And one reason it can “raise hackles” is incomplete descriptions like that!
OK, it’s owned two co-op-ish* organisations but the service is actually delivered by a series of very non-co-op companies (LogicBoxes among them), some of which have engaged in what I feel is rather sharp practice, almost as bad as the scammers registering domains to themselves mentioned above. Trying to get even basic technical errors with services fixed took a disproportionate amount of time.
Secondly, while there are some fixed overheads, there are also per-domain ones so surely running a registry for 10,000 names doesn’t cost more than for 10 million? Far less storage, network and processor required. When I last investigated, I was told that we were still paying off the setup costs from being one of the first “new” Top-Level Domains, but I don’t know if that’s still the case or how long it will take. We don’t have any visibility of the breakdown of that $100 yet, do we?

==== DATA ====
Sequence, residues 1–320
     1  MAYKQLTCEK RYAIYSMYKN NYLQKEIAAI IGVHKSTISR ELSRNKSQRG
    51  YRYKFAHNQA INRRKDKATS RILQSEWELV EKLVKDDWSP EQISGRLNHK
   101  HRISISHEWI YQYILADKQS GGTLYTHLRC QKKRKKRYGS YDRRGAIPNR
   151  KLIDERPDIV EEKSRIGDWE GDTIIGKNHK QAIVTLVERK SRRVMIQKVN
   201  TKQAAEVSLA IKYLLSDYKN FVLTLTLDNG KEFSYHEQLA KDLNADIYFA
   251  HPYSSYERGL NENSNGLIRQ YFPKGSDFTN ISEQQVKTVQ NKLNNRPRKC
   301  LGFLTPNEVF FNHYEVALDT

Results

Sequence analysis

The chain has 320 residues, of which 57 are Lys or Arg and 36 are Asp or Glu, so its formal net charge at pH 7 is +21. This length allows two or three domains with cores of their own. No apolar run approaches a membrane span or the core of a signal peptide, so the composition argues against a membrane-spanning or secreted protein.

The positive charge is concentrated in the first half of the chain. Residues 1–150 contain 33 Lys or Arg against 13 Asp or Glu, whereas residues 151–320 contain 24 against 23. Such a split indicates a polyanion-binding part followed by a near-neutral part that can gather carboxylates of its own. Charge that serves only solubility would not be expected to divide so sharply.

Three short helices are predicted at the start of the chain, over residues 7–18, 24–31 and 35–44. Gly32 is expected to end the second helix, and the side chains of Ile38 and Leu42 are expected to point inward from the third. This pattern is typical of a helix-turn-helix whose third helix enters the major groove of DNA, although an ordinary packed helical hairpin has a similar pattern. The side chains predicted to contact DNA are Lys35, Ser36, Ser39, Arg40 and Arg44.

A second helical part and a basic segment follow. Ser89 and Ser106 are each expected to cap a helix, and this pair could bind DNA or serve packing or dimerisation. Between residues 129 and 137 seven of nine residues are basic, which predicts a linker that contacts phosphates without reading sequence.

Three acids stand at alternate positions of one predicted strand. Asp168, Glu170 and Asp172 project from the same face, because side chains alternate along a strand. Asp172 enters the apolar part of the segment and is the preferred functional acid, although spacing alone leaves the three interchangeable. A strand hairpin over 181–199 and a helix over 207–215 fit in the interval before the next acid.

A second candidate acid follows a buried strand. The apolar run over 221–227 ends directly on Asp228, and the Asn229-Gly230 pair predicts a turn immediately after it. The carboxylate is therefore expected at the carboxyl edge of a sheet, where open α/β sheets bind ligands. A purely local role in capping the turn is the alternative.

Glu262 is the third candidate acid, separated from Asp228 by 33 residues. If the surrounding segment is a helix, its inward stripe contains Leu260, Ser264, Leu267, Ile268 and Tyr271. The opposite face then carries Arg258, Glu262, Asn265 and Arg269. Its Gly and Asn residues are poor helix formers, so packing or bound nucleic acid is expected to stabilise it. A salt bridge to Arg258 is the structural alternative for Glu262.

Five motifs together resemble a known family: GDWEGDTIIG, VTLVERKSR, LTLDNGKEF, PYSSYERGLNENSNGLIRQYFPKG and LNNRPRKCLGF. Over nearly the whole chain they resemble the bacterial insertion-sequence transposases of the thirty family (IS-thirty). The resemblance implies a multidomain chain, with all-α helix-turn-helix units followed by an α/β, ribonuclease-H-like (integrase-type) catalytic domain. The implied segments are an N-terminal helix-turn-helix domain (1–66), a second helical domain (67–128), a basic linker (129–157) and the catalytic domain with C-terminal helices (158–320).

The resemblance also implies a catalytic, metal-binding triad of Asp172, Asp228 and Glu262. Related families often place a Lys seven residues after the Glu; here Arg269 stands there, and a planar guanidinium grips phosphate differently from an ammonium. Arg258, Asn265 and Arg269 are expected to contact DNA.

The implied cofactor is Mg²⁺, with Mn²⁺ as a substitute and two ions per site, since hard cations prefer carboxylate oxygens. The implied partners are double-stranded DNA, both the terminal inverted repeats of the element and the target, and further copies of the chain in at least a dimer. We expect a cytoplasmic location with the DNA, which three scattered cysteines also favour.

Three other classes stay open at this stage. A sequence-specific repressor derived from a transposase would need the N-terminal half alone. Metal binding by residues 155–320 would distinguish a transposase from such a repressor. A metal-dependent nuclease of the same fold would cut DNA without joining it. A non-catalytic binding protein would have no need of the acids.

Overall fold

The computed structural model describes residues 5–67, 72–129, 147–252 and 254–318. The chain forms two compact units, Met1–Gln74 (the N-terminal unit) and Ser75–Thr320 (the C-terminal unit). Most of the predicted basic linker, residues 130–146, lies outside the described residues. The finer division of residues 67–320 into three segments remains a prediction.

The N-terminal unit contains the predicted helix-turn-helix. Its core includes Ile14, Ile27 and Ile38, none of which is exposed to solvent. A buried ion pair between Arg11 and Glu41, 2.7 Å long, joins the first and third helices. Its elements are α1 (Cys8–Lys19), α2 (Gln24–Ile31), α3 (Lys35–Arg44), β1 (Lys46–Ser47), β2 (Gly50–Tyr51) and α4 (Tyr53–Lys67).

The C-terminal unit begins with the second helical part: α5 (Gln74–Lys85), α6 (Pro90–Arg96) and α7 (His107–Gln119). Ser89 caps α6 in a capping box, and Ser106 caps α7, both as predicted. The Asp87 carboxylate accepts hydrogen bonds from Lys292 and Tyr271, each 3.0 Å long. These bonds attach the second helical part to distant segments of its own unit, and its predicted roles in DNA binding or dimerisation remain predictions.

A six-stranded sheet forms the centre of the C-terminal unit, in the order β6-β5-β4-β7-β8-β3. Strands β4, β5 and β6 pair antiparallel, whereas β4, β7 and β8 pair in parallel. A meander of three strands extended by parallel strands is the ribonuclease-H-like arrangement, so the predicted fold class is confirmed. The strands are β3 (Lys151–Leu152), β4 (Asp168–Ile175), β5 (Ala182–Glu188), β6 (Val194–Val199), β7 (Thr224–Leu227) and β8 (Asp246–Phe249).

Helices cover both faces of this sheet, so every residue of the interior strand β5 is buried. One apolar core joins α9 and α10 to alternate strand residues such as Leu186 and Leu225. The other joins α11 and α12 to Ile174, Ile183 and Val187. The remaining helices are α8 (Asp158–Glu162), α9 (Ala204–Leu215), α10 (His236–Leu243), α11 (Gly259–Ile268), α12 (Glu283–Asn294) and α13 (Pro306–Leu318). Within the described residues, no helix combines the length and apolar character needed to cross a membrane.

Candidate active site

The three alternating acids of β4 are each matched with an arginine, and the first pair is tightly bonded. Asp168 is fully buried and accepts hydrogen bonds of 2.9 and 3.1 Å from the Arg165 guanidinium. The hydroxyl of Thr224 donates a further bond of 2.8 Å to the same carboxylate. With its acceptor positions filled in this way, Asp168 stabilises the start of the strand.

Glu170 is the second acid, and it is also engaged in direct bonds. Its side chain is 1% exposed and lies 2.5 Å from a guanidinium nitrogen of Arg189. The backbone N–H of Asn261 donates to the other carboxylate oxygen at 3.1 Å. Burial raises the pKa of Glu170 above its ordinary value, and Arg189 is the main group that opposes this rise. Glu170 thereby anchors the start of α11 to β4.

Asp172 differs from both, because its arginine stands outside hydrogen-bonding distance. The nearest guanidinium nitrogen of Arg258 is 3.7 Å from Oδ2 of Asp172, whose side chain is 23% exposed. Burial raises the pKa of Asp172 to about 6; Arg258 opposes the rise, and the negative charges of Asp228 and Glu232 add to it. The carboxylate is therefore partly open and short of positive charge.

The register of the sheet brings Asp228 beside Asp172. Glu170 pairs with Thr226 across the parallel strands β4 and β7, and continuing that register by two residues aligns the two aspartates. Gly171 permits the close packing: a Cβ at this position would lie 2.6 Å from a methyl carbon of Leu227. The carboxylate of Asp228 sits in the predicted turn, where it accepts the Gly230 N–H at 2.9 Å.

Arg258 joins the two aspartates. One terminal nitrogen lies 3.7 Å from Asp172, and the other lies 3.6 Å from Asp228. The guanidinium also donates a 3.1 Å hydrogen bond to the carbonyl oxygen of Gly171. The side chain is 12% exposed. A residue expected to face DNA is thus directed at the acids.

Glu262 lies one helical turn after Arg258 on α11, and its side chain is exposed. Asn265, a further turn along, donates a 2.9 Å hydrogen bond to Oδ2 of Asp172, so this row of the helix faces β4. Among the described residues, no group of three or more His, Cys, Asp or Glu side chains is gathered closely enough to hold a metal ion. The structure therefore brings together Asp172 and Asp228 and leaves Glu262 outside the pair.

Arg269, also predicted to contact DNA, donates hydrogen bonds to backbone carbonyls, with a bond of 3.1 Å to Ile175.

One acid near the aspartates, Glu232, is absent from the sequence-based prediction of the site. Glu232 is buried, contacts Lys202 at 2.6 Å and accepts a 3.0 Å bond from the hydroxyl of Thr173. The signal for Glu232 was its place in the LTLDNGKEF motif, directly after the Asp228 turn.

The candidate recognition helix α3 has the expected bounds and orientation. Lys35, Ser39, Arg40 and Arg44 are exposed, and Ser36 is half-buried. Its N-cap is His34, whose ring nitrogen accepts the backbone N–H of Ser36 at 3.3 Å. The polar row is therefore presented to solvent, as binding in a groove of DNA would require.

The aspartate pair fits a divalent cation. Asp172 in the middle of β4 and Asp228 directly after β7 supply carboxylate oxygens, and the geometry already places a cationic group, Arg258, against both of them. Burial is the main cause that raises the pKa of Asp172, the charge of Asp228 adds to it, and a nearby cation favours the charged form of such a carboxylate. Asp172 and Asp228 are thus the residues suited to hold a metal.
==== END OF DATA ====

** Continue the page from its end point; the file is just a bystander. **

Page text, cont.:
But a major problem is the registry being a registrar as well. That’s like being both referee and one of the players: it deters other players because it means there’s unlikely to be effective regulation of one of them.
*: as I’m sure you know, both ICA and NCBA are so large that some argue they are no longer under effective co-op control because there’s not enough co-op-to-co-op communication for any group to effect any change without a disproportionate barn-raising effort.